Dark and brooding. Dark skies do not just occur at nightfall. Have you seen it when a storm’s brewing. So who’s turned the lights out? The sky weaves it’s own magic by creating clouds which filter out the light. They hold water which absorbs the light from the sun. The clouds reflect the storm that is brewing. So here comes the science bit. The size of water droplets (or ice crystals) inside clouds are much larger than visible wavelengths. The visible wavelengths are therefore scattered about equally by those particles. Very little sunlight reaches the underside of the cloud, less light is scattered, and even more is absorbed in the bigger ready to rain drops. The clouds appears dark and grey.
On a couple of journeys East in the early months of the last two years, I’ve enjoyed watching the deepening colour of the sky over the fields spreading into the distance. The amazing colours against the rapeseed flowers is particularly spectacular to see. Dark skies create a colour contrast of pink-purple-grey against the bright yellow. The heavy rolling clouds, the undulating sea of flower heads in their ploughed lines. They froth over the edge of the fields towards the road.
There were also storms in my head. It’s not always plain sailing when you get to that stage of life where the children need to be the carers for the parents. One of the first things you find is that everyone (both family and well-meaning friends) have an opinion but not necessarily the time or skill to assist. Once you’ve narrowed down whose opinion counts – the person being cared for – it can then be a stormy ride to try to achieve what they want.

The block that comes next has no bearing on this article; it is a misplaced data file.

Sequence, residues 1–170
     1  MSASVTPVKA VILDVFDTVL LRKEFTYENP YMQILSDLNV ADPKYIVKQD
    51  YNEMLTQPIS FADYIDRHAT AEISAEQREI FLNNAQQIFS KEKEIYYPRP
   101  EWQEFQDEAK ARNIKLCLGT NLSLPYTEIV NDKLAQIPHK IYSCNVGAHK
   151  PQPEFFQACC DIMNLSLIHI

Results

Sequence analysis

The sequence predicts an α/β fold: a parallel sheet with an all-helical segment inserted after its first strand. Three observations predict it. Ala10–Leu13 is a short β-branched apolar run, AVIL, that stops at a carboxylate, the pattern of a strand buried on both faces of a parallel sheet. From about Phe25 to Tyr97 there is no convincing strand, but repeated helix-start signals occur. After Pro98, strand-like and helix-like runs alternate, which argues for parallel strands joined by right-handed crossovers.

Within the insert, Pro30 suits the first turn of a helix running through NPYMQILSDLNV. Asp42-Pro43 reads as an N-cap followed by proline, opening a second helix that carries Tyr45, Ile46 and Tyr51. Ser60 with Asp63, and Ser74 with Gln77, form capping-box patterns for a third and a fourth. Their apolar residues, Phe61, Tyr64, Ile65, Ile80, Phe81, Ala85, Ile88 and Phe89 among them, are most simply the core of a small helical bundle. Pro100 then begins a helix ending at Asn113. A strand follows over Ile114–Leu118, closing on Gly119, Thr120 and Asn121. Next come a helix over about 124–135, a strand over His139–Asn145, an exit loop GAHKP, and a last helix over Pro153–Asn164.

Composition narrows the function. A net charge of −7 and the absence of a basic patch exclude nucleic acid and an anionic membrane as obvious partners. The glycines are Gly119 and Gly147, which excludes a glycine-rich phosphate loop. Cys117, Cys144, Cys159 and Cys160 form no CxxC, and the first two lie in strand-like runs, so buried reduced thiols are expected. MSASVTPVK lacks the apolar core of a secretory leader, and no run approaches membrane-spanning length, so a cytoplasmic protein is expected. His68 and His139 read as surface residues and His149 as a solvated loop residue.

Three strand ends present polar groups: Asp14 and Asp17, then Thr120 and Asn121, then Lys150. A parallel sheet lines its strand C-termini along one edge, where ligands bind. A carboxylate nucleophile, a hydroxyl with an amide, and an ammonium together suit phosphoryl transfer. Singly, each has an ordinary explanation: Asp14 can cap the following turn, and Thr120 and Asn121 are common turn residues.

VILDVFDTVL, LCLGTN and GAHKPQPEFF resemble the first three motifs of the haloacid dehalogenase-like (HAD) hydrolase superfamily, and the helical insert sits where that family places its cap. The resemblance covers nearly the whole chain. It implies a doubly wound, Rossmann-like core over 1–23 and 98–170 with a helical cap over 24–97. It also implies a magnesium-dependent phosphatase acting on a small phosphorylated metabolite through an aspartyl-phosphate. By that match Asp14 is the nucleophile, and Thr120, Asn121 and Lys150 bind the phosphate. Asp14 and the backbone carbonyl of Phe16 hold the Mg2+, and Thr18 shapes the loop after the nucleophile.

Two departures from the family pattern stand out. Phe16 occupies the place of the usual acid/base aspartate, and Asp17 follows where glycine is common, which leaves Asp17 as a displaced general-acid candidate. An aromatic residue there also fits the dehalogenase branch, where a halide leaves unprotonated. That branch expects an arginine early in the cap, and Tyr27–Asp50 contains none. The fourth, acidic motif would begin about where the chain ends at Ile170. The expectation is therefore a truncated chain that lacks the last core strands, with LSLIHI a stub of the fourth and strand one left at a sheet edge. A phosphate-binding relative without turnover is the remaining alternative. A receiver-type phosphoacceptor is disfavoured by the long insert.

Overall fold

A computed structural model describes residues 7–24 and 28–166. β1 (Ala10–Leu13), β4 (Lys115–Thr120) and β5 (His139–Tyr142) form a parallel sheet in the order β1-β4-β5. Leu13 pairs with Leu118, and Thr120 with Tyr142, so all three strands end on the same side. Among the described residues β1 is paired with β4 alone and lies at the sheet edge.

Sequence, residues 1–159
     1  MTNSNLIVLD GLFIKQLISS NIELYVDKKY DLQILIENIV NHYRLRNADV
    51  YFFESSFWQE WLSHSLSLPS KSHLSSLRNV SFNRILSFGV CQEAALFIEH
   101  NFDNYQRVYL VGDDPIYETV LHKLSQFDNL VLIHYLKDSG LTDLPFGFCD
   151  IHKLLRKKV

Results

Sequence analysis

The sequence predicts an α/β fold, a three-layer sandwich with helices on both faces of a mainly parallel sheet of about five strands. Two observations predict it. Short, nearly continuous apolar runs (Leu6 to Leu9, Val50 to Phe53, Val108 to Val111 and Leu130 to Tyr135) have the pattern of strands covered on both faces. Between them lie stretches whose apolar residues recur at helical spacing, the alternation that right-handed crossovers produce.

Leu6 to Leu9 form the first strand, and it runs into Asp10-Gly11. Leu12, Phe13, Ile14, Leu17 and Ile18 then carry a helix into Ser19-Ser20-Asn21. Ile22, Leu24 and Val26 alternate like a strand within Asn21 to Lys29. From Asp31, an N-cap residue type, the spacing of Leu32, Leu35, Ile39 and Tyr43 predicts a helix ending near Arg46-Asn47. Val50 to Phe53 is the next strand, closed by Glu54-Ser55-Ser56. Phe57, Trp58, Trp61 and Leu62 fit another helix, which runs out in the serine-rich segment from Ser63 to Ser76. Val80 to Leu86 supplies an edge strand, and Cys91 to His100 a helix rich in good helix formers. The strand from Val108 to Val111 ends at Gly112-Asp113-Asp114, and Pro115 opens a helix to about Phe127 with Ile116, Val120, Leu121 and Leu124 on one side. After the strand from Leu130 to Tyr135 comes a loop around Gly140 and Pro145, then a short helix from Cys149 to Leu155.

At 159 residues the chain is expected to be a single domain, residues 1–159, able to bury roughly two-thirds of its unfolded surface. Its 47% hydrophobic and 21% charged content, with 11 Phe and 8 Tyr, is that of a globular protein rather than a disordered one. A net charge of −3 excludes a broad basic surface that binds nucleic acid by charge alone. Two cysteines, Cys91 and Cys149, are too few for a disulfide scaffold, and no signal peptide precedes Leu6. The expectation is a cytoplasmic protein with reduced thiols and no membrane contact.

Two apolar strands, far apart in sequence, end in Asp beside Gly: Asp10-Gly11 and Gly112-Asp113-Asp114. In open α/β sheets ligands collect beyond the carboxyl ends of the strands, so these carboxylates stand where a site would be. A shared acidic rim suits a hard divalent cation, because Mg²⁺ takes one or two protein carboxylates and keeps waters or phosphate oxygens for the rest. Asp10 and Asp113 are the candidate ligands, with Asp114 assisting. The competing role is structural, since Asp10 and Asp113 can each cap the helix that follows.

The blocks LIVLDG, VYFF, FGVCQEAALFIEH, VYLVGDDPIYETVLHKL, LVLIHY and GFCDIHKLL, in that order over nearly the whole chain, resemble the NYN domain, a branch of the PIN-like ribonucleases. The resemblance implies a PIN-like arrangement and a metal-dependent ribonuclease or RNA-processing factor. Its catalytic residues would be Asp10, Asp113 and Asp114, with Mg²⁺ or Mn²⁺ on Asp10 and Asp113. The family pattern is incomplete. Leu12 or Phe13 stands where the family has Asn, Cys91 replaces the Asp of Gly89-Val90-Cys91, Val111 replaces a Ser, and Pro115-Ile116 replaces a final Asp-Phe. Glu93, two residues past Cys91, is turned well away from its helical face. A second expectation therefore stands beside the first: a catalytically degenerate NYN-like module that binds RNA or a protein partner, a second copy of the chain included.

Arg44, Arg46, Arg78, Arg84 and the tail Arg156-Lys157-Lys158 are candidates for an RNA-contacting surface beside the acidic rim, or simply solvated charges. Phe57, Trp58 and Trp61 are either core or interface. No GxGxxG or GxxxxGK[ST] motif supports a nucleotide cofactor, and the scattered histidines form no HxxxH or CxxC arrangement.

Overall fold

I have to thank a friend who introduced me to a book called “Being Mortal” by Atul Gawande. This takes you on a journey that you have not yet had to experience from a son who is a doctor. An illuminating read for anyone who is helping an aging parent with their decisions about how to be happy but safe in later life. It’s an uncomfortable glimpse into a possible future for many of us.
Balancing love and our fear of injury with their wish to continue to live as they have done (as an adult at least) for over fifty years until the inevitable mortality stops. It’s very difficult at times. Families feud. I know some who have fallen out from trying to care for their parents with conflicting views. One sibling may end up doing more than the others, either by choice or circumstance. The others may be totally absent and unaware of the stresses or feel left out or unappreciated. There are often dark skies that have to be faced but as with storms once the rain has fallen the air is clearer.
The lightning tree of which there are a lot visible between Herefordshire and Sussex is a nod to the damage that is done to us in old age whether physically or mentally. Electricity hits the tree and impacts the areas of moisture causing damage at either branch or root level. The skeleton of the tree stands damaged. However, the often whitish grey trees are given a new lease of life by the many animals and birds who find nesting places in the nooks and hollows. The dark trees have been burnt out but still provide fibrous matter or ash for the surrounding soil. The rolling fields remind us though that there is also growth and brightness. Hopefully the needs are worked out together and solutions are brokered that satisfy all. At least until the next calamity or moment which requires all to think – what now?
40 x 50 cm canvas